Longjing Village: West Lake Longjing Tea
Longjing Village, tucked away in the southwest of the West Lake Scenic Spot, is surrounded by mountains and has about 800 acres of high-altitude tea plantations.
The rich soil and the unique landscape protects the area from harsh weather, creating a misty environment ideal for tea growth.
This perfect mix of geography and quality water makes Longjing Village’s tea special.
Yunqi Village: Yunqi Longjing Tea
Yunqi Longjing tea grows on the hills near Yunqi Village.
This village is hidden in Xianlin Town, Hangzhou’s western suburb, and is rich in natural beauty.
With 500 acres of tea gardens, Yunqi produces over 40 tons of dry tea annually.
Hupao Spring (Tiger Spring): Hupao Longjing (Tiger Spring) Tea
a tea leaf and a blue sky
Near Hupao Spring, you’ll find Hupao Longjing tea.
The Tiger Spring is in the southwest of Hangzhou, at Daci Mountain.
People say the best way to enjoy West Lake Longjing tea is to brew it with water from Tiger Spring.
The tea’s color and aroma are at their best this way. With such excellent natural conditions, it’s no surprise that Tiger Longjing tea is so good.
Meijiawu: Meijiawu Longjing Tea
Meijiawu Village, over 600 years old, lies in West Lake Scenic Spot’s western heartland.
It’s a central production area for West Lake Longjing Tea and a beautiful spot for tea culture and leisure. It’s a place where history and the art of tea come together.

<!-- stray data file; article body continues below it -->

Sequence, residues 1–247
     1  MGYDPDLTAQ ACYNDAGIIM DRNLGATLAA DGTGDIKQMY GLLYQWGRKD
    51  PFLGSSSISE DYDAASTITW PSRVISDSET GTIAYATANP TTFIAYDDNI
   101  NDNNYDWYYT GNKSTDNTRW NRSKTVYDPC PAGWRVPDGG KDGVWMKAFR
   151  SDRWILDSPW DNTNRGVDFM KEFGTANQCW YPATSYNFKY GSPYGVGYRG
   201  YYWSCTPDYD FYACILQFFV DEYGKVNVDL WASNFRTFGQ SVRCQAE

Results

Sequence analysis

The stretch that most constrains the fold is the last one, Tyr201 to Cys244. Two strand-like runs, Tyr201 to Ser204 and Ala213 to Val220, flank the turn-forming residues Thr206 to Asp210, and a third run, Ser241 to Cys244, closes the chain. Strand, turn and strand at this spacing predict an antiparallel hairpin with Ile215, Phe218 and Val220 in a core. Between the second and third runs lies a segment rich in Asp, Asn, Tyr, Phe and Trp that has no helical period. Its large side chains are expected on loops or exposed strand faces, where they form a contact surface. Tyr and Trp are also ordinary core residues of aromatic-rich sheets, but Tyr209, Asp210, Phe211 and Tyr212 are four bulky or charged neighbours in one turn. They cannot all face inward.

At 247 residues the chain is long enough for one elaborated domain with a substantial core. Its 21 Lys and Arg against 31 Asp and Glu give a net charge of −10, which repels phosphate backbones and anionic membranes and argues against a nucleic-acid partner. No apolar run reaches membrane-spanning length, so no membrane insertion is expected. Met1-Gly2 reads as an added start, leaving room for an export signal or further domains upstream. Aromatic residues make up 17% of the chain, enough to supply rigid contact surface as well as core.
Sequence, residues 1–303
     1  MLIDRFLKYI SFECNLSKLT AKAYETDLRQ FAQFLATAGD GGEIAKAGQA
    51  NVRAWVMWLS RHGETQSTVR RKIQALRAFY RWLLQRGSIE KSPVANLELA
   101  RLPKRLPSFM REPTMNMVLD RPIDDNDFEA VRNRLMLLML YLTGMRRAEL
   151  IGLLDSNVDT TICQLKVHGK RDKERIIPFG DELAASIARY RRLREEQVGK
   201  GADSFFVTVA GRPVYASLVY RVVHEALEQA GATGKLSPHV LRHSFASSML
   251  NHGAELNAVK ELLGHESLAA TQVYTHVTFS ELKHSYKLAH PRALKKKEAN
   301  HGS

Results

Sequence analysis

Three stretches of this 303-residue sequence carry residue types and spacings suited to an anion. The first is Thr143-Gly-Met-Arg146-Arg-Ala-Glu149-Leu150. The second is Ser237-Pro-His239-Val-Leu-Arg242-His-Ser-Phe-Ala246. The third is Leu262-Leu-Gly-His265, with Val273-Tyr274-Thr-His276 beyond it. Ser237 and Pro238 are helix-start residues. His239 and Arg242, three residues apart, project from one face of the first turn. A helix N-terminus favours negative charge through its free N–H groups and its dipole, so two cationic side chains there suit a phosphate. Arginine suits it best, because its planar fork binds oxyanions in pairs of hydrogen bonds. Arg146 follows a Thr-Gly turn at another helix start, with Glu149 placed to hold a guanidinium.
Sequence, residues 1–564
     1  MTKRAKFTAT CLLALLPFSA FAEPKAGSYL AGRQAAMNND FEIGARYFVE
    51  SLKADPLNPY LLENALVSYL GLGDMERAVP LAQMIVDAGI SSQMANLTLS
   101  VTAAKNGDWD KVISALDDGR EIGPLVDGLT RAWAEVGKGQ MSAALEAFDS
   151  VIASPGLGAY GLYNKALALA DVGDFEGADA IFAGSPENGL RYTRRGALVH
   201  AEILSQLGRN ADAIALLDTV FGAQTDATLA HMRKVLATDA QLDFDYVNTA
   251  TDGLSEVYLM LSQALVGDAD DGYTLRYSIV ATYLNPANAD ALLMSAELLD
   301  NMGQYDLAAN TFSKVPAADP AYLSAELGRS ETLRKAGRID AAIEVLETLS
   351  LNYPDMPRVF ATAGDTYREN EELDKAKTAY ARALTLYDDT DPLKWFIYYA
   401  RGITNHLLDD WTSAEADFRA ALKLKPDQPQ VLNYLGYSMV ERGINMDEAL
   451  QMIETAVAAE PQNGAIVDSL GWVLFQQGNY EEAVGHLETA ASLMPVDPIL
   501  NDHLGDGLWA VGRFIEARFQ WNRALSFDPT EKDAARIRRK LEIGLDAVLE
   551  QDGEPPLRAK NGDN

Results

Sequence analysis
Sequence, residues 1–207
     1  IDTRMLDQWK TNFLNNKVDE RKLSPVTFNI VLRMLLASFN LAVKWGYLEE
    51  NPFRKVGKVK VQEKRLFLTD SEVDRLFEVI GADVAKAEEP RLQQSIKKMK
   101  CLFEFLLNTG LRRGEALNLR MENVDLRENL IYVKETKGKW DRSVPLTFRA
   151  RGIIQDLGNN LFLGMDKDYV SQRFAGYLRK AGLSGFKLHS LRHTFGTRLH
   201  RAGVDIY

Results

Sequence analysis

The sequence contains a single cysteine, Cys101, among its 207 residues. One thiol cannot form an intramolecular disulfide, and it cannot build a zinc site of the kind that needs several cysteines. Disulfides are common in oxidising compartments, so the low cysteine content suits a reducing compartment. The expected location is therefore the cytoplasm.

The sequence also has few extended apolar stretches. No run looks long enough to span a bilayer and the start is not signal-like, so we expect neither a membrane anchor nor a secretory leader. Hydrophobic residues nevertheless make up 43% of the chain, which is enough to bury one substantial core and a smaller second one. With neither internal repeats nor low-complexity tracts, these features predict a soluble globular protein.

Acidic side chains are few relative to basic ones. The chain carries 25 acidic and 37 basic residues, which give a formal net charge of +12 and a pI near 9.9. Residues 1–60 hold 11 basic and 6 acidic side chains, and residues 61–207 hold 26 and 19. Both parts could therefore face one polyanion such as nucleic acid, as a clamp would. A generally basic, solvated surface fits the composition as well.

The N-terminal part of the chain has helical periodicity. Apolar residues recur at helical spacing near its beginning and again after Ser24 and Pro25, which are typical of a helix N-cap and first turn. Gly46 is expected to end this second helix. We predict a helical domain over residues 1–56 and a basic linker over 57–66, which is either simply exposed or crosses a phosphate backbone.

Longjing tea garden in the morning

2nd Production Area

We find the second production area of West Lake Longjing tea right outside the West Lake Scenic Area.
Although it’s outside the scenic spot, it’s still part of the West Lake area, including Longwu Township, Leaving Township, Qutang Township, and Zhoupu Township.
Historically, this area was known for flag gun tea.
So, why do we call it the second production area?
First, it’s because of national rules protecting geographical indications.
Second, the environment, climate, and tea tree varieties here differ slightly from those in the first production area.
farmar's house and tea mountain
Farmers mainly grow a late variety in the second area called Longjing #43.
This type of Longjing tea differs from the varieties grown in the first area. We’ll dive into these varieties more in a bit.
But there’s something even more important about the second production area: annual output.
Right, the tea gardens in the first and second production areas of Xihu Longjing cover about 20,000 acres and produce around 500-600 tons of tea annually.
The first area contributes to about 6,000 acres, while the second area makes up 14,000 acres.
If we calculate it by yield per mu, which is about 50 pounds, then around 70% of West Lake Longjing tea comes from the second production areas.
map of longjing tea production area

1st VS 2st Tea Plantation

In West Lake Longjing, the first production areas like Shifeng Mountain, Yunqi Village, Longjing Village, Hupao Spring, and Meijiawu are more than just tea sources.
They are the soul of its brand and culture. These places have stories that tea lovers cherish.
Like the tale of Master Biancai, who transformed a barren hill to grow Longjing, or Emperor Qianlong’s special eighteen imperial tea trees. And let’s remember Premier Zhou’s visit to Meijiawu.
These stories add a rich cultural layer to the tea from these areas.
Then, we have the second production area, known for its prestige in Longwu Tea Town.
Tea enthusiasts in China lovingly call it “Wan Dan Tea Town.”